As we picked our way through the complex landscape, toads croaked in the vegetation, and the still surface of the pools was occasionally disrupted by a water beetle rising for air. We learned that the site hosts Willow Tit, a UK red-listed species which has suffered severe declines in recent years, as well as wetland-loving birds such as Woodcock, Snipe and Kingfisher. In ecology terms Mark described the beaver as a “keystone species”, saying “what it does to its environment is exactly what we should be doing with the landscape.” Vegetation surveys carried out annually over the life of the project have shown a gradual shift from dense willow scrub to a fen habitat dominated by Molinia grass, with big increases in wetland plants such as Water Mint and Potamogeton pondweeds.

Mark and NT Area Ranger Tom Wood discuss beaver tree felling techniques Willow buds breaking

Back on the more stable ground of the path that runs around the inside of the fence, Mark led us to the original pond that was dug as a starting point for the beavers when they were introduced in 2011. The pond is now dominated by an impressive “lodge” which has grown up over the years, along with a large pile of branches which the beavers have collected as a winter food source, allowing them to feed from beneath the ice if cold weather strikes

Beaver lodge Fingle Ranger Fred Hutt examines the beaver’s handiwork

Beside the pond was a large metal animal trap, and Mark explained that the beavers have produced several litters during the time they’ve been in the enclosure. As territorial animals the young will naturally disperse at around two years old, and so at this age they are trapped and relocated to other beaver projects around the country.

Live trap for beavers

Further along the path a mature tree ringed with metal mesh turned the talk to potential beaver – human conflicts in a landscape-scale reintroduction. Some concerns, such as predation of fish stock, are easily dealt with – beavers are herbivores, with a diet of plants, roots and bark. Conflict can arise, however, when beavers fell trees with either commercial or sentimental value. This can be mitigated by placing mesh around the trunk for protection, or coating the tree with a latex and sand mixture to discourage gnawing.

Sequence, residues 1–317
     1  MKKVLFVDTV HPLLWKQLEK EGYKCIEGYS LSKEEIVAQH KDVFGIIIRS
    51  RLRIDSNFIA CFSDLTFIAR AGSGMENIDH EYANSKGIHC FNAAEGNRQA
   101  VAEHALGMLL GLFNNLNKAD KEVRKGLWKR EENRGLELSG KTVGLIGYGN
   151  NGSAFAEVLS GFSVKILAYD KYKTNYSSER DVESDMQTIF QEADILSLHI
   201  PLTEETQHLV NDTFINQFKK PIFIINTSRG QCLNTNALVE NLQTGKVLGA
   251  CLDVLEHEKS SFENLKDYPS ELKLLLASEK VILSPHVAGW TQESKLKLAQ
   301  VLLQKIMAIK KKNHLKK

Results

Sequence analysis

Anti-beaver mesh

As we finished our tour of the site Mark looked ahead to the future of beavers in Devon. Around 2013, a small population of beavers of unknown origin were found living wild on the River Otter in East Devon. In 2015, following tests to show they were free of harmful parasites, the Government granted Devon Wildlife Trust a 5-year licence to re-release these beavers into the wild for study. The population has now grown to around 40 animals, and with the trial licence due to expire in 2020 the hope is that the beavers will be allowed to remain in the river and continue to expand their population.

Beaver country

With data from projects around the country and across Europe showing the value of beavers in restoring wetlands, improving water quality and reducing flood risk there is a growing body of evidence to support the Government licencing further releases of beavers into the wild. Who knows – one day in the not-too-distant future some more dams might appear in Fingle Woods, created not by chainsaws and diggers but by the teeth and paws of wild beavers!

The Devon Wildlife Trust Enclosed Beaver Project is located on private land and is not open for public visits. The wild beavers on the River Otter can be seen (if you’re lucky!) from the public footpaths upstream of Otterton.

A big thank you to Mark Elliott and John Morgan for allowing us to visit and taking the time to show us around the site!

by Tom Williams

For more information on Fingle please visit www.